By Tessie Castillo, North Carolina Harm Reduction Coalition (NCHRC)
On March 2, 2017 the North Carolina General Assembly introduced the STOP Act (H243/S175) to curb the over-prescribing of opioids. Drug overdose death has increased rapidly in recent years with many people becoming addicted to physician-prescribed pain medication and later switching to cheaper alternatives, such as heroin or illicit fentanyl. Every day four North Carolinians die of drug-induced overdose and four times that amount are hospitalized. A summary of the bill is available here.
Among supporters of the STOP Act are parents across North Carolina who have a teenage or young adult child currently struggling with opioid addiction. Many of these parents have already lost a child to opioids.
Sandy Tabor-Gray of Mooresville, North Carolina, lost her 22-year-old son, Michael, a father of twins, to a drug overdose in 2013. In eighth grade he had started stealing pills from his parents’ medicine cabinet and his addiction progressed from there.
“One weekend in July when he came home we spent the whole day together as a family playing with the kids, going to the movies and out to dinner,” Sandy recalls. “That night, he hugged me and kissed me goodnight and told me he loved me – as he always does. The next morning the twins woke early and of course were calling for their dad. We walked into his room calling his name, but he didn’t answer. I walked over to the bed to shake him and he was cold. Life as I knew it, shattered.”
Other mothers such as Trinlie Yeaman are hopeful about the provision of the STOP Act that provides funding for drug treatment programs. Trinlie struggled to get help for her teenage daughter, Zoe, who became addicted at 16 years old after getting prescription painkillers from a boyfriend whose father had cancer.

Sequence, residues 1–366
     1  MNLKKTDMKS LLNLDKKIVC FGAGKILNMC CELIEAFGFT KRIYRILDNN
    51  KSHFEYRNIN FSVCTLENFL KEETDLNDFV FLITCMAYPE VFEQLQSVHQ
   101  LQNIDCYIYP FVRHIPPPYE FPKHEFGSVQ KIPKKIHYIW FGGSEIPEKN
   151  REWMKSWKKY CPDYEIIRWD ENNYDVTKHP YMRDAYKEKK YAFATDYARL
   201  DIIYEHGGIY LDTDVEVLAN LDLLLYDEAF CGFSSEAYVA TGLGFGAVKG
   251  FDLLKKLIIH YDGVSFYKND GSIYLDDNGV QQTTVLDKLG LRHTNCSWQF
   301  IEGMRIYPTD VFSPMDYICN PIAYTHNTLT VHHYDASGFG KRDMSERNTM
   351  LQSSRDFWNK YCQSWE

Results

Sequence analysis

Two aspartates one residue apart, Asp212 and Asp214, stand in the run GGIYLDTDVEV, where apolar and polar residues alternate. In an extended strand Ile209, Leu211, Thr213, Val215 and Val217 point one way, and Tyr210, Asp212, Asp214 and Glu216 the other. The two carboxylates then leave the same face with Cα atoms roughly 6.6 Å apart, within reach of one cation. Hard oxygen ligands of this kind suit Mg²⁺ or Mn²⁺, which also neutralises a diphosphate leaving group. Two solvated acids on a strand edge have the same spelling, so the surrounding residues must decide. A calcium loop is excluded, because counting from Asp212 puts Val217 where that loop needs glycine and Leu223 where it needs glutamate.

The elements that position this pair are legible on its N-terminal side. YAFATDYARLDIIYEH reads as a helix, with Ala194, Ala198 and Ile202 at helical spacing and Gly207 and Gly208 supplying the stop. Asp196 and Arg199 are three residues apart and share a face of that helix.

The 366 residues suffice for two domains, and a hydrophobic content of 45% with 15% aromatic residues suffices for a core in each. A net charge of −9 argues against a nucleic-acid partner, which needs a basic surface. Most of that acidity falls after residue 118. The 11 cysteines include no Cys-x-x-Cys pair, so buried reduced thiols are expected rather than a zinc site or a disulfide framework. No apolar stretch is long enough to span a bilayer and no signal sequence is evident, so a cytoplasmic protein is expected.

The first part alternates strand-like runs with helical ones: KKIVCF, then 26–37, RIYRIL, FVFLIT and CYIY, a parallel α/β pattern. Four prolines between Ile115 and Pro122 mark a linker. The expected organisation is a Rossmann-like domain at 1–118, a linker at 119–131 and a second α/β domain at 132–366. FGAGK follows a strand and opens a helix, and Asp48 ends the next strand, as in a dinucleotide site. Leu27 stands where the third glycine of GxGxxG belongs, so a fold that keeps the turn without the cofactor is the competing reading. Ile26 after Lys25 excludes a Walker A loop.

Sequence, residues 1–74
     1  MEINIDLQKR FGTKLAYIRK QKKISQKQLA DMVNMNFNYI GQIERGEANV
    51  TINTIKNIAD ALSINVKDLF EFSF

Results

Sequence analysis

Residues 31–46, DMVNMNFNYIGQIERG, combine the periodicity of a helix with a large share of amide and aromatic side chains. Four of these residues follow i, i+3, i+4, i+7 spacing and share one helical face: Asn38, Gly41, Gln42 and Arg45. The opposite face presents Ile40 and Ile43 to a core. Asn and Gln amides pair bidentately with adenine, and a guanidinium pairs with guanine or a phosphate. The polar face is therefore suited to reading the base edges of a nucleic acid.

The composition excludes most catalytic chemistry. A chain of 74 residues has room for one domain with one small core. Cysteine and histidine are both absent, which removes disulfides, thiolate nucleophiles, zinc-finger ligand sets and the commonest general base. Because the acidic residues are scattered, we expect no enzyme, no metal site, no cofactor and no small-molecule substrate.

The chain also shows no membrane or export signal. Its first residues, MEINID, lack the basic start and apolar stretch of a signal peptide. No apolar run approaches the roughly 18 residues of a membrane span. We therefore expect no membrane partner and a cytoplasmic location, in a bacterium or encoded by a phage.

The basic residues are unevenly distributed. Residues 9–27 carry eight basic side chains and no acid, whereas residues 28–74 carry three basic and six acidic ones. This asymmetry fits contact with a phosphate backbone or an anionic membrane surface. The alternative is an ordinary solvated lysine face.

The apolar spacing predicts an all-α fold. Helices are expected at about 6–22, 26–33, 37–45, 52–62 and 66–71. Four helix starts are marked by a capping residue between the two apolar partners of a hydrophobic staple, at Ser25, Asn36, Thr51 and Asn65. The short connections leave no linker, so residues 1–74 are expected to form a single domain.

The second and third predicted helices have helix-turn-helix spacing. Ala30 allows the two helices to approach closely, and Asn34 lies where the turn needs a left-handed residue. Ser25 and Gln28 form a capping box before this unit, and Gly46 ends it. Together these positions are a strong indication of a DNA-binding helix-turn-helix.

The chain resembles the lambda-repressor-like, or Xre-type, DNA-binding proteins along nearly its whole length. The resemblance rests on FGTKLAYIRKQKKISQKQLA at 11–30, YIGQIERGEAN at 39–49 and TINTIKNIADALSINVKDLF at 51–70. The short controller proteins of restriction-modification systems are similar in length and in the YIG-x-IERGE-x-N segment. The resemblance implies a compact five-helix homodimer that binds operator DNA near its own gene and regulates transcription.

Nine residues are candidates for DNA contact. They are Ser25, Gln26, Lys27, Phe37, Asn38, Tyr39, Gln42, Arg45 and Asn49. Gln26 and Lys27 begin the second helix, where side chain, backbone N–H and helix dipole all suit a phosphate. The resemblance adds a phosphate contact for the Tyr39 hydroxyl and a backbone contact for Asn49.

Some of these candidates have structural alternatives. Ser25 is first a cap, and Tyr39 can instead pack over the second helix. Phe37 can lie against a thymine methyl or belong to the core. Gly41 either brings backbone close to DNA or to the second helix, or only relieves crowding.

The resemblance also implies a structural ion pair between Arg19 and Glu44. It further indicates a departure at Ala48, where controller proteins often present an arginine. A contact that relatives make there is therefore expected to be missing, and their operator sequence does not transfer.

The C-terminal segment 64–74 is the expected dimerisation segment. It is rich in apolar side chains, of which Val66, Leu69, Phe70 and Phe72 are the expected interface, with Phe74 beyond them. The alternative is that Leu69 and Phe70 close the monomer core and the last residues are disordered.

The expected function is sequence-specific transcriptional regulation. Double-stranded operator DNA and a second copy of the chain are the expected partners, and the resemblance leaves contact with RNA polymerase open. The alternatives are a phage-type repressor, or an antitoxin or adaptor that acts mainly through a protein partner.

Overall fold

“The only available treatment facility for minors under 18 charged $40,000 for a 60-day inpatient treatment program,” says Trinlie. “When Zoe turned 18, she was put on a waiting list for treatment. On August 6, 2014, I received a call from Zoe’s father that she had overdosed and died. Three hours after she died, the drug treatment facility called to say they had a bed available.”
Not all stories of opioid addiction end in death. Twenty-year-old Ethan Buck, a Greenville NC resident, started his addiction at 12 years old after experimenting with pills from his mother’s medicine cabinet. By eighteen years old he was using heroin and by nineteen he was homeless, sleeping in a Walmart parking lot. After that he made the decision to seek treatment and is currently living drug free, pursuing a degree in social work.
The STOP Act is sponsored and co-sponsored by bipartisan group of legislators and supported by officials such as the state Attorney General.
“I strongly support this legislation,” says Attorney General Josh Stein. “It took us 15-20 years to get into this crisis and reversing it won’t happen overnight. But a commonsense approach to prescribing and dispensing these highly addictive drugs, paired with an emphasis on increasing treatment and recovery for those currently dealing with addiction, is a good start. I look forward to partnering with law enforcement, policymakers, health care providers, public and mental health experts and advocates to fight this opioid epidemic.”
For stories of parents and survivors of opioids in your area, contact Tessie Castillo at 919.809.7718 or email.